As I’ve stated many times on this website, I started watching boxing in January of 1977. In my 43 years of watching boxing, the single greatest fighter I’ve ever seen was Roy Jones. Between 1993 and 2003, Roy was the closest thing to a perfect fighter that ever lived. Incredible speed, reflexes and punching power, Jones was a marvel to watch. It was during the early part of this unprecedented 10-year run of dominance that saw Roy emerge as the greatest Super Middleweight of all-time.
Jones turned pro after being completely fleeced at the 1988 Seoul Olympics, criminally losing a decision in the Jr. Middleweight Gold Medal fight to South Korean Park Si-Hun. Jones completely dominated every round before getting his gold medal stolen. That loss was definitely a motivating factor in Jones’ hunger to be as dominating in his pro career as possible. After a year reign as IBF Middleweight Champion, Jones moved up to Super Middleweight to face the consensus best fighter in the world, James Toney.
Going into the November 18, 1994 fight with Toney, Jones decided to let Toney do all the talking at the pre-fight press conferences throughout the country. Jones was just as verbally loquacious as Toney and it seemed odd that Jones would allow Toney to continuously talk smack with no verbal comebacks. Jones let his talent do the talking en route to handing the IBF 168-pound titleholder a one-sided boxing lesson. Toney looked like a zombie that night as he had no answer for the speed and skill of Jones. My father and I thought the same thing while watching the fight that Jones gave Toney a ton of respect by not attempting to knock him out. After winning the IBF Super Middleweight crown, Jones would them embark on a two-year period in one of the most dominating title reigns in boxing history.
Jones first defense of his 168-pound crown occurred on March 18, 1995 against Antoine Byrd in Roy’s Pensacola, Florida hometown. Jones’ power was on all cylinders that night as he destroyed Byrd in about two minutes of the opening stanza. Jones followed this up on June 24, 1995 with an incredible display of both offense and defense against longtime favorite and two-time World Champion Vinny Pazienza. In the fourth round of a fight that Jones totally dominated, he pitched a shutout as Pazienza did not land a single punch! I watched this fight with both my best friend and girlfriend at the time. This performance of Jones, which was mercifully stopped in the sixth round, made both of them instant fans of Jones. Jones ended a sensational 1995 by decimating the sturdy chinned Tony Thornton in the third round on September 30, once again in front of his Pensacola faithful.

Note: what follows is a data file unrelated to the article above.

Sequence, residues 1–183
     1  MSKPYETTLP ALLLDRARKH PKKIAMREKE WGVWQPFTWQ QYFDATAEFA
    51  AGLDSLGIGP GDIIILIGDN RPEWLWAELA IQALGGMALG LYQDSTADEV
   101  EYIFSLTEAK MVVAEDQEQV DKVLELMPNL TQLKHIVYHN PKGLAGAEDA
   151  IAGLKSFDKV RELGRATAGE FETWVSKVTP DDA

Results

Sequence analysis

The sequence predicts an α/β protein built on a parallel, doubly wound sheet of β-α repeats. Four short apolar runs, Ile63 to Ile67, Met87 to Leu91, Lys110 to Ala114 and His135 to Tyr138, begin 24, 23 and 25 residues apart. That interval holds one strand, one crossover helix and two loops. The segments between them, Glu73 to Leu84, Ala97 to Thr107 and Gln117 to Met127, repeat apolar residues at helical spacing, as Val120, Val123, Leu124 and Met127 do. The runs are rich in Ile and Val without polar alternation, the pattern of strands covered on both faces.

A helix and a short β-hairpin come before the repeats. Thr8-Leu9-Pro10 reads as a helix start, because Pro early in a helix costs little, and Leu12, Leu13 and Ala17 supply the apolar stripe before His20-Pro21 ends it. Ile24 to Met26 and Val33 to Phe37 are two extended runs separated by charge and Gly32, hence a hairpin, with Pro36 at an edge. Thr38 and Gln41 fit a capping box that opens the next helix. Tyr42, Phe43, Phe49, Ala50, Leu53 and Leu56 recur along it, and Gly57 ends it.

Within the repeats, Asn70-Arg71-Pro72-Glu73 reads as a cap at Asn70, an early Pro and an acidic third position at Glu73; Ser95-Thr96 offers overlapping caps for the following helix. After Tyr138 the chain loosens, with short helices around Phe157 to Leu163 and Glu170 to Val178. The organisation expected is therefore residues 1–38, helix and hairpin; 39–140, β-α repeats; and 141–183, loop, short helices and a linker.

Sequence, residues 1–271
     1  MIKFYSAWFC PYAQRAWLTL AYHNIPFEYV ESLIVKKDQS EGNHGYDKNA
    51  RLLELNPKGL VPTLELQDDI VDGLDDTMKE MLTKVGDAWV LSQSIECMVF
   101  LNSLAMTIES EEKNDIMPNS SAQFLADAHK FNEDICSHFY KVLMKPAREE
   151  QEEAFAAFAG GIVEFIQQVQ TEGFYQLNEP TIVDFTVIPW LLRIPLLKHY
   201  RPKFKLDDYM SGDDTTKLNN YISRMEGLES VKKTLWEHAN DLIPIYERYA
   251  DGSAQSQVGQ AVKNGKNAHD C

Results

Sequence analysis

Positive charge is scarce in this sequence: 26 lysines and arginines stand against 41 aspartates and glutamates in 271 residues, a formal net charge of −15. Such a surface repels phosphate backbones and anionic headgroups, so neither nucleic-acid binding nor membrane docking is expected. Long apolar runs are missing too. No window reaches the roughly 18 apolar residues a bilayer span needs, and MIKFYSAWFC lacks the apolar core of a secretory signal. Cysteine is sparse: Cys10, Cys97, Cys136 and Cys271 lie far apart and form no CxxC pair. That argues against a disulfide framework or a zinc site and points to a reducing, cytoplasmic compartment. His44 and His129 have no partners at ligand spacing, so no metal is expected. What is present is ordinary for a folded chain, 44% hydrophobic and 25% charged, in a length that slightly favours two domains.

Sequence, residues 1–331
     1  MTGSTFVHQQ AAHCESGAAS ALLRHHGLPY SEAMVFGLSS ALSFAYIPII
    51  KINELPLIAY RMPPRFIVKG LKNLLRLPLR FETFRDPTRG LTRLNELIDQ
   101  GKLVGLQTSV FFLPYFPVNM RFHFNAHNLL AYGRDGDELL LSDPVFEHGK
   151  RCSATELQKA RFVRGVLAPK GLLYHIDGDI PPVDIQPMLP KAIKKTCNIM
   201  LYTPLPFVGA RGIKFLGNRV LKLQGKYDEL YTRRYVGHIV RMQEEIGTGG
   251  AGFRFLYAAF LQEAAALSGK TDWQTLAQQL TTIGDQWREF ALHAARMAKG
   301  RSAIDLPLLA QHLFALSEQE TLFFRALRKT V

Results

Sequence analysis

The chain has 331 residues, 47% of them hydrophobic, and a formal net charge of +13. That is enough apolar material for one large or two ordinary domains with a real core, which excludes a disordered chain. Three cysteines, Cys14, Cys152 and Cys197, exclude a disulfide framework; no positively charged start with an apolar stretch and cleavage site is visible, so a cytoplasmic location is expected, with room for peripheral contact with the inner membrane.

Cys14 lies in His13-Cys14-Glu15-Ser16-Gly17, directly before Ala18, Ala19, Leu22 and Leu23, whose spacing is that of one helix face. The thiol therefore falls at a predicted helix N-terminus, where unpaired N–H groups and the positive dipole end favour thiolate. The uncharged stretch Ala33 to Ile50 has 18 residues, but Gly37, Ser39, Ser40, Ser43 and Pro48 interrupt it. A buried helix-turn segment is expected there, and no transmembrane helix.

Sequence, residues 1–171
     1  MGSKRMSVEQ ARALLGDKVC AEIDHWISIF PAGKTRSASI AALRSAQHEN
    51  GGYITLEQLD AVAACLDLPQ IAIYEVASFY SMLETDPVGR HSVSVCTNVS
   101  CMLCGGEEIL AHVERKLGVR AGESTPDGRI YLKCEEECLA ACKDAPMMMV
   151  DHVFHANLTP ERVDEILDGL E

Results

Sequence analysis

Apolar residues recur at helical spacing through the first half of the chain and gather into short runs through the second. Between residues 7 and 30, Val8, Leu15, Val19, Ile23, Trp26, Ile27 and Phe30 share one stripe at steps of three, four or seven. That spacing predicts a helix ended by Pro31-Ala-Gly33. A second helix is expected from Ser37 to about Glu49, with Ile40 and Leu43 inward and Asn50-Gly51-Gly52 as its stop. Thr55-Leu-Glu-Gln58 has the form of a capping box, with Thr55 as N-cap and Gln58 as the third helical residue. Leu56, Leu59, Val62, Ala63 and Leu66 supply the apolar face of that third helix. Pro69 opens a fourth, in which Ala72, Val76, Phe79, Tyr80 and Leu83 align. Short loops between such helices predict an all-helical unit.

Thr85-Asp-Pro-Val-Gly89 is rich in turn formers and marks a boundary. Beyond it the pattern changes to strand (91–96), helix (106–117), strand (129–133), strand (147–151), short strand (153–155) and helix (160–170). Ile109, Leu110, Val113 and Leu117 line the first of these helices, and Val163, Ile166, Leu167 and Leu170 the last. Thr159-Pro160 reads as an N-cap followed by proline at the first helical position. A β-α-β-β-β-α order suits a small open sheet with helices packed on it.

Jones’ next fight on January 12, 1996 would be the first time I would get to see him live and in person. The same young lady who was mesmerized by his performance against Pazienza accompanied me to Madison Square Garden that night to see him fight Merqui Sosa. Sosa was a granite chinned slugger who was tailor made for Jones’ speed and power. In the second round, Sosa, after being dropped by Jones, was defenseless and was saved by referee Kenneth Zimmer’s stoppage of the fight. At that point in time, Jones was as indestructible as any fighter that ever lived. Jones was so superior to anyone who could climb into the ring that he decided to stage a gimmick in his next fight.
On June 15, 1996, as a way to cultivate HBO viewers to see his fight and have fans come see him fight in Jacksonville, Florida, Jones played a professional basketball game the afternoon of the fight. Playing guard with the USBL Jacksonville Barracudas, Jones played 21 minutes in the game. Then, that same evening, he defended his title against Eric Lucas. Playing in the game did not affect his performance at all as he put on another virtuoso beating before Lucas retired in his corner after the 11th round. This night proved what both my father and I had been telling people for two years; Roy Jones was the greatest athlete ever to step into a boxing ring.
My lady at the time and I once again attended Jones’ next and final fight at Super Middleweight, October 4, 1996 against Bryant Brannon. Once again, Jones was stunning in another second round destruction. Jones relinquished his title the following month after winning the WBC Light Heavyweight Title. That’s a story for another day.
Roy Jones’ reign at 168 pounds was the epitome of a perfect fighter. At 5’11, 168 pounds, Jones was the perfect blend of speed, power and reflexes that had never been seen before or since. My father felt that there wasn’t a fighter between 160-175 who ever fought that stood a shot against the Roy Jones that fought between 1993 and 2000. My father died in 2000. Pop, there hasn’t been a fighter since that could’ve beaten that version of Jones, the single, greatest 168-pound fighter I’ve ever seen.